Through the Looking-Glass, and What Alice Found There is a work of children's literature by Lewis Carroll, generally categorized as literary nonsense. It is the sequel to Alice's Adventures in Wonderland. Although it makes no reference to the events in the earlier book, the themes and settings of Through the Looking-Glass make it a kind of mirror image of Wonderland: the first book begins outdoors, in the warm month of May, on Alice's birthday (May 4), uses frequent changes in size as a plot device, and draws on the imagery of playing cards; the second opens indoors on a snowy, wintry night exactly six months later, on November 4, uses frequent changes in time and spatial directions as a plot device, and draws on the imagery of chess. In it, there are many mirror themes, including opposites, time running backwards, and so on.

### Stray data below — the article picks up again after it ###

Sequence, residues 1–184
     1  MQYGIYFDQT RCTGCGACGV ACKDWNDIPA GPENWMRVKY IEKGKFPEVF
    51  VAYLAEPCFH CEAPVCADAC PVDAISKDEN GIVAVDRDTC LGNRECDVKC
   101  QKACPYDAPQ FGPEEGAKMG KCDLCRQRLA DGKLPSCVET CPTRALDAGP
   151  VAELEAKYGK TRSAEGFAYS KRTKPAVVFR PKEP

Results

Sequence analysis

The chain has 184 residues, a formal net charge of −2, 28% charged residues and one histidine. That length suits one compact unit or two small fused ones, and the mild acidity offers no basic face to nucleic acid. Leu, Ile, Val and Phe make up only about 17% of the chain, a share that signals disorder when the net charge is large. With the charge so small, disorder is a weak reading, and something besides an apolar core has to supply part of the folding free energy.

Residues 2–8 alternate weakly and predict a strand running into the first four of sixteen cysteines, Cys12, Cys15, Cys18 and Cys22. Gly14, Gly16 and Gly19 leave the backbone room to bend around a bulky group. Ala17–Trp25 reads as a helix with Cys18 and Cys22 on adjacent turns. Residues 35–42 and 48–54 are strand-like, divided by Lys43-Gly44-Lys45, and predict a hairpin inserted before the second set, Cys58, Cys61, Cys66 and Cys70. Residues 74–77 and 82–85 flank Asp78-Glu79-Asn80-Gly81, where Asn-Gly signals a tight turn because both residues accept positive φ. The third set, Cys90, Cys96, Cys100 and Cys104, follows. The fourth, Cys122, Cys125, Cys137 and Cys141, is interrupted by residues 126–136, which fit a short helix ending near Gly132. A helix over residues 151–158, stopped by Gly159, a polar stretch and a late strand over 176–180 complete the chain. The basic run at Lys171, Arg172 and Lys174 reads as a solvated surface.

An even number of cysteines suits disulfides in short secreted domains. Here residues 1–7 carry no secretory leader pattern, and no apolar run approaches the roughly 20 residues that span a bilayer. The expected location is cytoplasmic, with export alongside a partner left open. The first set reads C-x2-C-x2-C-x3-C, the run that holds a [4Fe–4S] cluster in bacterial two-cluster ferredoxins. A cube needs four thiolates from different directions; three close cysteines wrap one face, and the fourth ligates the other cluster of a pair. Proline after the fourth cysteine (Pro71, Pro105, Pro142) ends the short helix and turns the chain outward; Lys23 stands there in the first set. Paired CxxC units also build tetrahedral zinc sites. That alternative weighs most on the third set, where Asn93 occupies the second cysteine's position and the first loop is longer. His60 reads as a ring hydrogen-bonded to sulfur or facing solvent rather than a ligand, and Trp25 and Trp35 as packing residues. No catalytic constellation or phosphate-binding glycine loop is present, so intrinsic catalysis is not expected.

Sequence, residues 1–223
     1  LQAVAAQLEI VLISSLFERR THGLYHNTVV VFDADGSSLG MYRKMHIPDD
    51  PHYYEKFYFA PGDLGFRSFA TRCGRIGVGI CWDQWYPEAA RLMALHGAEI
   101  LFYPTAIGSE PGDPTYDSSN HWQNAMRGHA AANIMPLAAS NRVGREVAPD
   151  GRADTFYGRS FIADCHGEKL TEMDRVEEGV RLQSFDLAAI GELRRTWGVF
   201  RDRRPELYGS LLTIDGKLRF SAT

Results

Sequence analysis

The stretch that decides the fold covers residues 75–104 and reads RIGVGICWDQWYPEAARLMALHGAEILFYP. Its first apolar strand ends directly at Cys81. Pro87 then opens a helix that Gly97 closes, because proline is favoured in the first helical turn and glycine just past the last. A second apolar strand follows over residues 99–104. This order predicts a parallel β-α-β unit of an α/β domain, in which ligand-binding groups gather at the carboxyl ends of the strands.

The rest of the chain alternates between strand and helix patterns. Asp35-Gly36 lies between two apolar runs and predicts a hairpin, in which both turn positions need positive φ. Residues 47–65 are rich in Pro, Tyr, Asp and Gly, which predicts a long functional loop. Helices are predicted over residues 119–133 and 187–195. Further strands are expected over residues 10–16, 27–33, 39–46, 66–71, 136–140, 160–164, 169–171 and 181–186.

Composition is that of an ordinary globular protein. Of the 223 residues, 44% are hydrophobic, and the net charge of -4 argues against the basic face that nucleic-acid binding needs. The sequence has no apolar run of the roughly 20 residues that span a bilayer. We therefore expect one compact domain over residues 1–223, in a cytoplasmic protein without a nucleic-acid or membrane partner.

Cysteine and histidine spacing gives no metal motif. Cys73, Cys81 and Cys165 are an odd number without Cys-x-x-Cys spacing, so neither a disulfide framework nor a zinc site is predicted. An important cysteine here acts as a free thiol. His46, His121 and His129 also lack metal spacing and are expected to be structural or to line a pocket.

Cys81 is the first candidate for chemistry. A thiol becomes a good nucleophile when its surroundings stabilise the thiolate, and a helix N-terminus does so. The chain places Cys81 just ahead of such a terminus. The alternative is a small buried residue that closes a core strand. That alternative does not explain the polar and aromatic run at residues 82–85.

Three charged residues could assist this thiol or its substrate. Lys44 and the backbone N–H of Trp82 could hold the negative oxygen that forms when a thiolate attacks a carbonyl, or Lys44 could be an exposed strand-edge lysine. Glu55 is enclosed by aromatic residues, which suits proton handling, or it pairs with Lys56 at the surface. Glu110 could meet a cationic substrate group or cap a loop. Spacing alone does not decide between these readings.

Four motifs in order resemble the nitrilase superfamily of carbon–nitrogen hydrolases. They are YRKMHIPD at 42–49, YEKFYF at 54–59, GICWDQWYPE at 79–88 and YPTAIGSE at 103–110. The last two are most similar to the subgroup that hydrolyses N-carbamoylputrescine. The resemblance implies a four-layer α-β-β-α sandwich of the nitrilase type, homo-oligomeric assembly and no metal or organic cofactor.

Alice ponders what the world is like on the other side of a mirror (the reflected scene displayed on its surface), and to her surprise, is able to pass through to experience the alternate world. There, she discovers a book with looking-glass poetry, "Jabberwocky", which she can read only by holding it up to a mirror. Upon leaving the house, she enters a garden, where the flowers speak to her and mistake her for a flower. There, Alice also meets the Red Queen, who offers a throne to Alice if she moves to the eighth rank in a chess match. Alice is placed as the White Queen's pawn, and begins the game by taking a train to the fourth rank, acting on the rule that pawns in chess can move two spaces on the first move.